Washington Post: Getting Children The Nutrition They Need
A bologna sandwich. Celery sticks. Canned oranges and chocolate milk. It's hardly a feast, but don't tell that to the children for whom this meal makes all the difference. The experience of a food bank running a summer lunch program for needy children in rural Tennessee shows that more ways must be found to feed the millions of children who go hungry when schools let out (8/4).

The New York Times: For Obamacare to Work, Everyone Must Be In
Two beliefs continue to shape debate on Obamacare. First, pre-existing medical conditions shouldn't prevent people from obtaining affordable health insurance. And second, people who don't want health insurance shouldn't be forced by the government to purchase it. These may seem to be reasonable positions. But they are incompatible (Robert H. Frank, 8/3).

Atlanta Journal Constitution: A Campaign Of Organized, Conscious Mendacity
Forty. As their last official act before leaving on a five-week recess, House Republicans voted Friday for the 40th time to repeal or undo ObamaCare. Their vehicle this time was the Keep The IRS Off Our Health Care Bill, sponsored by U.S. Rep. Tom Price of Marietta. According to House Majority Leader Eric Cantor, the law is needed because otherwise, the IRS “will have access to the American people’s protected health care information” and, he implied, might use that against the administration's political enemies. ... It is also a bald-faced, blatant lie, a lie that exposes the moral bankruptcy of the case that Cantor and others are attempting to make (Jay Bookman, 8/3).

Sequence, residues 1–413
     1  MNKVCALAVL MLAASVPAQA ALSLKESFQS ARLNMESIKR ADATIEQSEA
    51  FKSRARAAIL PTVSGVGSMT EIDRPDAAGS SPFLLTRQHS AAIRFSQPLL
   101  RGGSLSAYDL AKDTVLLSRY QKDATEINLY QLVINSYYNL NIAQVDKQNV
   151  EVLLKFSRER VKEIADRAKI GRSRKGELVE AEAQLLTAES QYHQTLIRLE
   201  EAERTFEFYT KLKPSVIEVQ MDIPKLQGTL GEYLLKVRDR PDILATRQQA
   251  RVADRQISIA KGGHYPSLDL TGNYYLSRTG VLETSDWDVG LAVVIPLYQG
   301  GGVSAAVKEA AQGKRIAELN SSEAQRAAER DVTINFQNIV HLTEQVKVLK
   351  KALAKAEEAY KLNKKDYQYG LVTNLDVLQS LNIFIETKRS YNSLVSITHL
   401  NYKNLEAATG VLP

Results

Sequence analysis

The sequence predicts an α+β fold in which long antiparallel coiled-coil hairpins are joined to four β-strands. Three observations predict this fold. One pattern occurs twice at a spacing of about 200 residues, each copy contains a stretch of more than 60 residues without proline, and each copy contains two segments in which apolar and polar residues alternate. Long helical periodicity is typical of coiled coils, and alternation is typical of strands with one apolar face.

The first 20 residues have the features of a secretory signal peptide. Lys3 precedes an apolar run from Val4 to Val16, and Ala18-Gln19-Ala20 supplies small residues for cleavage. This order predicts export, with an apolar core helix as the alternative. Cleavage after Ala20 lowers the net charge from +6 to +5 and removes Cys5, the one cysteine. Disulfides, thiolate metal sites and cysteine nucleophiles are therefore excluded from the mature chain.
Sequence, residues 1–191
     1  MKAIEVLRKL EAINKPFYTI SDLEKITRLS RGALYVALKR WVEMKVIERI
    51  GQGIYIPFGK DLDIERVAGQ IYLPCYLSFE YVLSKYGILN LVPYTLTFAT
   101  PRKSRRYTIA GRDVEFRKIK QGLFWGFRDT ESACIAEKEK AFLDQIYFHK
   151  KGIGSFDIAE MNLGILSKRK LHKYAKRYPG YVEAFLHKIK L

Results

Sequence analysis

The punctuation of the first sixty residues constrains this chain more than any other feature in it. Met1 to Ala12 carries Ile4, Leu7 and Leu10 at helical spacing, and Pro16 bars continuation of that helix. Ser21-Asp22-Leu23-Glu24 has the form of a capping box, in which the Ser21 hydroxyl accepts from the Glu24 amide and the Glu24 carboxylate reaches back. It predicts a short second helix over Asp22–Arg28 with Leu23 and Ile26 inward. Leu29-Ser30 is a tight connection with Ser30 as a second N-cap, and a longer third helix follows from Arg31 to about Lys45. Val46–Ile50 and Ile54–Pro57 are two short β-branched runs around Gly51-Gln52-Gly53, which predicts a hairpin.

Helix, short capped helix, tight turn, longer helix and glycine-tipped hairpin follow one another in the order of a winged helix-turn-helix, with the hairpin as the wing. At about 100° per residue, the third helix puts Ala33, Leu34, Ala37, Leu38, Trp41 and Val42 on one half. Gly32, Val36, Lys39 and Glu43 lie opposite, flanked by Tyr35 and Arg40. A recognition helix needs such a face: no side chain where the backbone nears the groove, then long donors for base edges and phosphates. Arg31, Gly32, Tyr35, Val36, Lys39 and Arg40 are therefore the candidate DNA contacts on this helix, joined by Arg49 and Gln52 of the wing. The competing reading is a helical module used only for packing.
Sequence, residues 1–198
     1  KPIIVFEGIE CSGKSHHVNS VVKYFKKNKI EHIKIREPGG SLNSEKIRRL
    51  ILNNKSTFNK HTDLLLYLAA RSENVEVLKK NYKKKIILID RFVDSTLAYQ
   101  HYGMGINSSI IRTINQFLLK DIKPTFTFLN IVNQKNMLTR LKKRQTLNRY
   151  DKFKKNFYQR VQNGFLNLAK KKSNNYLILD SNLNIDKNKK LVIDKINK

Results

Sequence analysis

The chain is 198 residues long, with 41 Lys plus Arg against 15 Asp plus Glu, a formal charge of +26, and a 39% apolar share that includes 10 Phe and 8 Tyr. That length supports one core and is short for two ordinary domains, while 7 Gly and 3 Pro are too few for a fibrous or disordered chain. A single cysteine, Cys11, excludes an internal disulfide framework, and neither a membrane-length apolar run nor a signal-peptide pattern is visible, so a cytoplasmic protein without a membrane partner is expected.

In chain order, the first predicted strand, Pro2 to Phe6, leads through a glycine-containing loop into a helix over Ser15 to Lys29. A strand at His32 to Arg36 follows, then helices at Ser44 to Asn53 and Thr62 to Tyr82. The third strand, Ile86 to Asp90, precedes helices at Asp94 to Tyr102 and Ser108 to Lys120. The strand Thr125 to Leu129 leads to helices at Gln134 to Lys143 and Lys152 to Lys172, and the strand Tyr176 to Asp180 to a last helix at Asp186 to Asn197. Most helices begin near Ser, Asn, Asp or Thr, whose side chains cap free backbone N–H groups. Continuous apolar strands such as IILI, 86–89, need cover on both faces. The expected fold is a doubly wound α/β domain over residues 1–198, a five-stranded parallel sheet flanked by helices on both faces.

Denver Post: Obamacare Exchanges Present A Privacy Risk
Americans were told that we would find out the fine points of Obamacare after it passed. Well, add another horror lurking in the details. When individuals sign up for federal insurance exchanges, they enter their personal information into a new Federal Data Hub. This program then collects medical records, Social Security numbers, tax information, and bank account data, by coordinating with the relevant federal departments, to determine the individual's eligibility for an insurance subsidy (Ken Buck, 8/2). 

Des Moines Register: Concerns About Wellmark? Get Involved
Wellmark Blue Cross and Blue Shield is Iowa's largest health insurer. It controls about 86 percent of the individual health policies and sells insurance to individuals not covered under group policies, to employers insuring their workers and to seniors buying Medicare supplemental coverage. Wellmark is a for-profit company, but you can't buy shares of its stock. That's because Wellmark is a mutual insurance company, meaning it is owned by its policyholders. You would be forgiven, however, if you thought Wellmark was privately owned, because the company does a poor job of looping its policyholders in on management of their company (8/3).